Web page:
The highly anticipated arrival of Final Cut Pro on the iPad brings with it a touch-friendly design and affordable pricing. However, if you’re accustomed to using Final Cut on the Mac, you may find yourself somewhat let down.
When it comes to photo editing, the iPad has always been a favored choice for me. The intuitive gesture of pinching the screen to zoom, the precision offered by the Apple Pencil for adjustments, and the continuous improvement of editing apps have made it a seamless experience. Unfortunately, I haven’t been able to replicate that same level of satisfaction when it comes to video editing. LumaFusion didn’t quite meet my expectations, and despite the numerous YouTube videos recommending a switch to DaVinci Resolve, I haven’t taken that leap yet.
Final Cut Pro for iPad is a thoughtfully designed app that gets the fundamentals right. It successfully translates the desktop version’s functionality to the iPad, ensuring a familiar environment for existing Final Cut Pro users. The app takes full advantage of the touch-centric interface of the iPad and integrates well with accessories like the Magic Keyboard and Apple Pencil. Additionally, its affordable pricing structure, with a subscription option of $5 per month or $50 per year, makes it convenient to try out for a month or two before committing to it.
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However, if you’re expecting the iPad version to completely replace the Mac version of Final Cut Pro, you might be disappointed. Throughout my testing, I found several essential features missing in this version that I had grown accustomed to. Furthermore, if you’re someone who desires the flexibility of working on both the iPad and Mac, careful organization of projects and consideration of the device you start with will be necessary.
In this article, I had the opportunity to test a 12.9-inch iPad provided by Apple, which came with a 2TB drive, 16GB of RAM, the Magic Keyboard, and Apple Pencil. The total cost of this setup is $2,877 (or $2,399 without the accessories). It is worth noting that if you plan on using Final Cut Pro on the iPad, it’s advisable to opt for an iPad with larger storage capacity, as editing directly from external drives is not supported. Instead, all media files must reside within the iPad’s Files app. Although SSDs are now fast enough to handle this workload, the inability to edit from external drives remains a peculiar limitation among others that may arise.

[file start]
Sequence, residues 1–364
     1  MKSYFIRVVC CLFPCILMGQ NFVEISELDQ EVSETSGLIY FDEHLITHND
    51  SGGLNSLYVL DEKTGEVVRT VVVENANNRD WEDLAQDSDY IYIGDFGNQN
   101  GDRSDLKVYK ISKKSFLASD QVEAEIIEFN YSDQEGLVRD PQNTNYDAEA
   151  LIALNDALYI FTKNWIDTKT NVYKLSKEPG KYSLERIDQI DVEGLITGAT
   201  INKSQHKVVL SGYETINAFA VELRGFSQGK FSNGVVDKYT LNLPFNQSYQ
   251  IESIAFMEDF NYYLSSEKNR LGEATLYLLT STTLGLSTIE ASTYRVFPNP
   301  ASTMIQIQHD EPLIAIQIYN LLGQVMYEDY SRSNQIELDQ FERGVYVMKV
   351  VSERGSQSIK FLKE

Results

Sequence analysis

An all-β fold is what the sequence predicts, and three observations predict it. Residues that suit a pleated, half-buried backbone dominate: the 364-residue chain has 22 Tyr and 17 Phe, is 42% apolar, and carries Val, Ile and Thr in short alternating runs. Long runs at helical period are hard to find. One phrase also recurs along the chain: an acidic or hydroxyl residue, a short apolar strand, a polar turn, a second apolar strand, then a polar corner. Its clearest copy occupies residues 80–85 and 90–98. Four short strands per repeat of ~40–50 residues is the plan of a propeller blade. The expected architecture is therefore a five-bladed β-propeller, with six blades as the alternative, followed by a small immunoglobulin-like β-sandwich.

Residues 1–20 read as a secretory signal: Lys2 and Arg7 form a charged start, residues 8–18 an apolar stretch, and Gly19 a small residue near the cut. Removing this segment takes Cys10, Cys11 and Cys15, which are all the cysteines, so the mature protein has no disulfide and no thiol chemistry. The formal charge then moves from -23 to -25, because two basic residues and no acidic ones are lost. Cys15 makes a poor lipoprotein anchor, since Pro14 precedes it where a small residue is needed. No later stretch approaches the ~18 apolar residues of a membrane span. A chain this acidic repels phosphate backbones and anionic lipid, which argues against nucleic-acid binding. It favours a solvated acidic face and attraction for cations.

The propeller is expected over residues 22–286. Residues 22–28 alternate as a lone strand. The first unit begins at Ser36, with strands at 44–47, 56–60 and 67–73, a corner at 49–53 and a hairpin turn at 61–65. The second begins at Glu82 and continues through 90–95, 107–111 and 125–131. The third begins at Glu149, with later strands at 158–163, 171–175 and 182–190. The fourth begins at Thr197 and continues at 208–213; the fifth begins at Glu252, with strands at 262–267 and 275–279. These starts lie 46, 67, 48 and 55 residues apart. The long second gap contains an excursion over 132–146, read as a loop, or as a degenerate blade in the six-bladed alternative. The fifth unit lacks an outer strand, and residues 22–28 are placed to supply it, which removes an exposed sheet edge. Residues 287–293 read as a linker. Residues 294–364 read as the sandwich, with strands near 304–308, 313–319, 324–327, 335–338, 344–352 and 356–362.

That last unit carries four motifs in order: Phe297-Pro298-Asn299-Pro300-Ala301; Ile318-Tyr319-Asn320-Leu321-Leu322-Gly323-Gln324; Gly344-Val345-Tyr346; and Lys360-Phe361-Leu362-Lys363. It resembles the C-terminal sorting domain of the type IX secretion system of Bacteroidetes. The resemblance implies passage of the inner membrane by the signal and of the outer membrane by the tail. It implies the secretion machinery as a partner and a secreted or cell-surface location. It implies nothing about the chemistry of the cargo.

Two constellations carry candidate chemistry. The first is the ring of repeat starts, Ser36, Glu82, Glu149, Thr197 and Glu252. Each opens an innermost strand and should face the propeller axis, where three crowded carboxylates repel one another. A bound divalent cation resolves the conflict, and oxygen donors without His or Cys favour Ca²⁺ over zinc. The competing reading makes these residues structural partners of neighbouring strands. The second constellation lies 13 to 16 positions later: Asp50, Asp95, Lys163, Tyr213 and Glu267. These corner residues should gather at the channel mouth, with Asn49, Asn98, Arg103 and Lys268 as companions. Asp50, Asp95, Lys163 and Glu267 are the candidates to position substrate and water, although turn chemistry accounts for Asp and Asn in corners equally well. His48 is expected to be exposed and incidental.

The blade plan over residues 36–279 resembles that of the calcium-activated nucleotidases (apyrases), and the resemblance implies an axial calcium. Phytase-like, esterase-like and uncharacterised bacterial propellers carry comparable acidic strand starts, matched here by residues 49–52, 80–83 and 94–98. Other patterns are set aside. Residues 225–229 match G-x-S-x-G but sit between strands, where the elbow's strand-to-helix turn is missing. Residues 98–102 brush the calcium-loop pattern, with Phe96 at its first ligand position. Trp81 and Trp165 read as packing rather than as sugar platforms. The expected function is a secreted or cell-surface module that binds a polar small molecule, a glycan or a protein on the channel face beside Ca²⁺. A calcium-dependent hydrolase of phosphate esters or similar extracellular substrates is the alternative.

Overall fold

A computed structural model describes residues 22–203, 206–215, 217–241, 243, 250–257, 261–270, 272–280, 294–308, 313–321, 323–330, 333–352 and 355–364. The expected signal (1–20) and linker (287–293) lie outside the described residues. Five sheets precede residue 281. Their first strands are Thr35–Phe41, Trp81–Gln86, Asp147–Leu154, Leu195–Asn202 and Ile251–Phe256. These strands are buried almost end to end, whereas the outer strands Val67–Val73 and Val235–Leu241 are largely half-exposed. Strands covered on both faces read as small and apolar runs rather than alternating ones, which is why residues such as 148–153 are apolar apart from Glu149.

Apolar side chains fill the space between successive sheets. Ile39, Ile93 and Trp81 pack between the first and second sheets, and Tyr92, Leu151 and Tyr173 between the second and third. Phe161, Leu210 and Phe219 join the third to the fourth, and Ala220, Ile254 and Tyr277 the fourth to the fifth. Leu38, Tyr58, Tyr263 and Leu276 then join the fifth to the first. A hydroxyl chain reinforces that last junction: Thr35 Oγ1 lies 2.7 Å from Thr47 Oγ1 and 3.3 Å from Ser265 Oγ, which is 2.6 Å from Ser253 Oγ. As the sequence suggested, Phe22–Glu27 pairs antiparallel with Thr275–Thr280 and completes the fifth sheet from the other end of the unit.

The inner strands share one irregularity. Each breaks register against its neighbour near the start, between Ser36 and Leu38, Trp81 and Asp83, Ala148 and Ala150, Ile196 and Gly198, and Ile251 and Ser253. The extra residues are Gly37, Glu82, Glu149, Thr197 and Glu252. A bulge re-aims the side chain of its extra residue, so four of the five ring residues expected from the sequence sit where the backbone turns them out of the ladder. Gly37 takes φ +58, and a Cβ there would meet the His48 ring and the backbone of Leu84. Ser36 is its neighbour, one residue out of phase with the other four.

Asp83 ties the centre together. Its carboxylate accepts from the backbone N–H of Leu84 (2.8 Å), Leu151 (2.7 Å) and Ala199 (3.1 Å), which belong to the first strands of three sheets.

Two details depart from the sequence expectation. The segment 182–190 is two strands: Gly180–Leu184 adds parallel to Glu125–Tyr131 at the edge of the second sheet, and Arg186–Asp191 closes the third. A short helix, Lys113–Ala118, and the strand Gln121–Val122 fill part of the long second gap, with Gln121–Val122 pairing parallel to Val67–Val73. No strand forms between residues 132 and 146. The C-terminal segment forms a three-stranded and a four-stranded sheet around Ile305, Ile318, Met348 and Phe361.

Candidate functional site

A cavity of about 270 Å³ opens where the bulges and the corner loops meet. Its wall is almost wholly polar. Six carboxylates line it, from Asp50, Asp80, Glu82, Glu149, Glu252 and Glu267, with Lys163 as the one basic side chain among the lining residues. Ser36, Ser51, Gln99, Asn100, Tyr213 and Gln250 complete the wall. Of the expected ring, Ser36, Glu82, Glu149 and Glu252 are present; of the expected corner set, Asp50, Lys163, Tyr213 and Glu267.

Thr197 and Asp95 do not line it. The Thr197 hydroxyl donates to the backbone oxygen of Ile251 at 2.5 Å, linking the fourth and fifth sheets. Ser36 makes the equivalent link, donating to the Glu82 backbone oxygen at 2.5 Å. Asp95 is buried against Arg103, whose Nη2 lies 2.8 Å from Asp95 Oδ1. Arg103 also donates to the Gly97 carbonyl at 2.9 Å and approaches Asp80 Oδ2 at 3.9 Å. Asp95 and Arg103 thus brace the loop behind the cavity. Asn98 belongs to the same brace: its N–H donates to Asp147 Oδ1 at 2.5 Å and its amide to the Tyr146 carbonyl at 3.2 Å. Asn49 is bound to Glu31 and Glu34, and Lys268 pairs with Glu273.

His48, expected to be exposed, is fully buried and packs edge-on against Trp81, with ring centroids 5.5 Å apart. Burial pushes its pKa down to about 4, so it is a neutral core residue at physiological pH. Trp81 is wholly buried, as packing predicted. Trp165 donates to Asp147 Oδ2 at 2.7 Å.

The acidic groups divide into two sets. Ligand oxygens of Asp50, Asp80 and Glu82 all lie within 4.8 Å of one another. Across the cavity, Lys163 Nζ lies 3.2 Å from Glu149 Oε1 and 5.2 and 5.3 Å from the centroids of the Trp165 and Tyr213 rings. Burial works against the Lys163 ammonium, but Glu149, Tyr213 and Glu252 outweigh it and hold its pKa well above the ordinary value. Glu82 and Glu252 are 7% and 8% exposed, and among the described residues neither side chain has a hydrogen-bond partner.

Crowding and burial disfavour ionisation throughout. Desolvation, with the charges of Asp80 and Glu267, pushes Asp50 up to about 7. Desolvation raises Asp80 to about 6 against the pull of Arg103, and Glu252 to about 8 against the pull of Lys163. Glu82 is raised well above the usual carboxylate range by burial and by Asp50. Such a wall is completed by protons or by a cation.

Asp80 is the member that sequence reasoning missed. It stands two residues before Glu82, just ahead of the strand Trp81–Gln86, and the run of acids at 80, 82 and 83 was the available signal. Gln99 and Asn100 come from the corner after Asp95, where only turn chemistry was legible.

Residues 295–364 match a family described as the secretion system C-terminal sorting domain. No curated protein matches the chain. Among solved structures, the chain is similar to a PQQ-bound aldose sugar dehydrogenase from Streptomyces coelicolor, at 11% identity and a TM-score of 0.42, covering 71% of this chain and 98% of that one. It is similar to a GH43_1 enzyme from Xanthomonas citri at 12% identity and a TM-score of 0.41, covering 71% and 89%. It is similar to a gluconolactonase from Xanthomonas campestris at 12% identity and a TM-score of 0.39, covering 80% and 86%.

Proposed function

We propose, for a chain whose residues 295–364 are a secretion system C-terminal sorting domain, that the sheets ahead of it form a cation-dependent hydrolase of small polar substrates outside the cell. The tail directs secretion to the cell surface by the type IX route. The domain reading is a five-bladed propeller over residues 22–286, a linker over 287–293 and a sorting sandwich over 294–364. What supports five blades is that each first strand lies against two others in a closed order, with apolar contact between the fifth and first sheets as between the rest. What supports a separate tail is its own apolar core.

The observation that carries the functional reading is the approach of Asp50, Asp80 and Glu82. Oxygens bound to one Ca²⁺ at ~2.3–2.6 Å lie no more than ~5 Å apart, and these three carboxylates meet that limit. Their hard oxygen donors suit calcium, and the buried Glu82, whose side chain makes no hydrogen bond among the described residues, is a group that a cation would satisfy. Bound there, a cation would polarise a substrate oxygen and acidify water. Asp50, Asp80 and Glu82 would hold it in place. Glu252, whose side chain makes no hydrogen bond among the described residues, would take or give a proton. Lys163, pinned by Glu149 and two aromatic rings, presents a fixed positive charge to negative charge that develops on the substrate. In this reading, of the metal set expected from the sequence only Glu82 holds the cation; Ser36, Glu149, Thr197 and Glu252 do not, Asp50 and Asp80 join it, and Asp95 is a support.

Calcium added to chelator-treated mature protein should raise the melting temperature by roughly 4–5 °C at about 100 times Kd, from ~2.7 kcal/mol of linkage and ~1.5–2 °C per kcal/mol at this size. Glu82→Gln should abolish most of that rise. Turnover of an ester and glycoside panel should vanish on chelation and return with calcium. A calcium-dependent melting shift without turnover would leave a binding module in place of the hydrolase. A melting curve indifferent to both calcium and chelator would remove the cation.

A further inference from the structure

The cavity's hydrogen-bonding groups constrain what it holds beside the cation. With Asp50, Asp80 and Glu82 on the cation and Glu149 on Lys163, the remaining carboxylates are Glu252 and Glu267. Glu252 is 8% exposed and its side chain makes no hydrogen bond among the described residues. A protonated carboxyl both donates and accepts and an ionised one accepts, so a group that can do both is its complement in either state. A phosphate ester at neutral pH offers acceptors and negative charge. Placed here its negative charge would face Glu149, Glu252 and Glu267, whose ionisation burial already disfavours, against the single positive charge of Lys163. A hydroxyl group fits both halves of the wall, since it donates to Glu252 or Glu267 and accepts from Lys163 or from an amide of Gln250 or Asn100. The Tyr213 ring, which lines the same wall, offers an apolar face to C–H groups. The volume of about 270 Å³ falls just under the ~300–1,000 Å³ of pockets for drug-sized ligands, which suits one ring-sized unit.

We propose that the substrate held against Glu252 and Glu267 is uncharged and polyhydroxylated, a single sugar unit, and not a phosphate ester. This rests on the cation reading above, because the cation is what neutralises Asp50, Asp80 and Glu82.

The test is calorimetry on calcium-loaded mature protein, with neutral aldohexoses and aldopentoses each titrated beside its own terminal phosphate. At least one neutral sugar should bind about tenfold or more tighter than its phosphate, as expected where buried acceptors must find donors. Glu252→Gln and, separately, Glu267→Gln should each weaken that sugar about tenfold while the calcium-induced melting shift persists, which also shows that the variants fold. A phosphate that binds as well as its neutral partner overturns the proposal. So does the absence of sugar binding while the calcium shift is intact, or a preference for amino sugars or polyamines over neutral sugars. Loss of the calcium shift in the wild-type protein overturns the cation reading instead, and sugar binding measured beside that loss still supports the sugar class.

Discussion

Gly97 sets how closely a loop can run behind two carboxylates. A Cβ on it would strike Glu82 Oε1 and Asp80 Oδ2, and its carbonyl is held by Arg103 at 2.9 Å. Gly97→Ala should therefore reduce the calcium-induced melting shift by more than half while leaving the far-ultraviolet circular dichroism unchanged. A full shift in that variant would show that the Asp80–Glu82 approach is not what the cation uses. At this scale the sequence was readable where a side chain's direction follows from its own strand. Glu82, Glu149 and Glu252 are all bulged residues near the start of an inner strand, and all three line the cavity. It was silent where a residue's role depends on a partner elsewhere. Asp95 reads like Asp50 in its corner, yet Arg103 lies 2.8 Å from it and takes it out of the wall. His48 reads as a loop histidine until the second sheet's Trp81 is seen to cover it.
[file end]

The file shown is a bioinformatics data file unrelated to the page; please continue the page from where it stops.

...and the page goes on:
Another limitation arises during the file import process. It is not possible to export folders as a whole; each folder must be opened separately, and individual clips need to be manually selected for import. This can be inconvenient for users accustomed to specific folder hierarchies and meticulous file management.
Furthermore, Final Cut Pro for iPad lacks the concept of events or Smart Collections (similar to “bins” in Premiere). Instead, all media is contained within the media window located in the top-right corner of the screen. Users have the ability to assign keywords, label media as “favorite” or “rejected,” and sort media based on these labels and media types.
Layout of the Workspace
When you open the app, you’ll immediately feel familiar with the interface. It closely resembles the desktop version of Final Cut Pro, albeit in a smaller and slightly more confined space. However, it doesn’t feel overwhelmingly cramped. You have the ability to resize windows and hide certain elements to create a cleaner workspace. Additionally, there’s a picture-in-picture view that allows for a closer examination of your media. The preview window, where you can play back your clips, remains in the top-left corner, and you can choose between quality and performance playback options. The editing timeline runs along the bottom edge, with a few new buttons positioned just below it, including inspect, volume, animate, and multicam. These buttons provide access to making adjustments to your clips.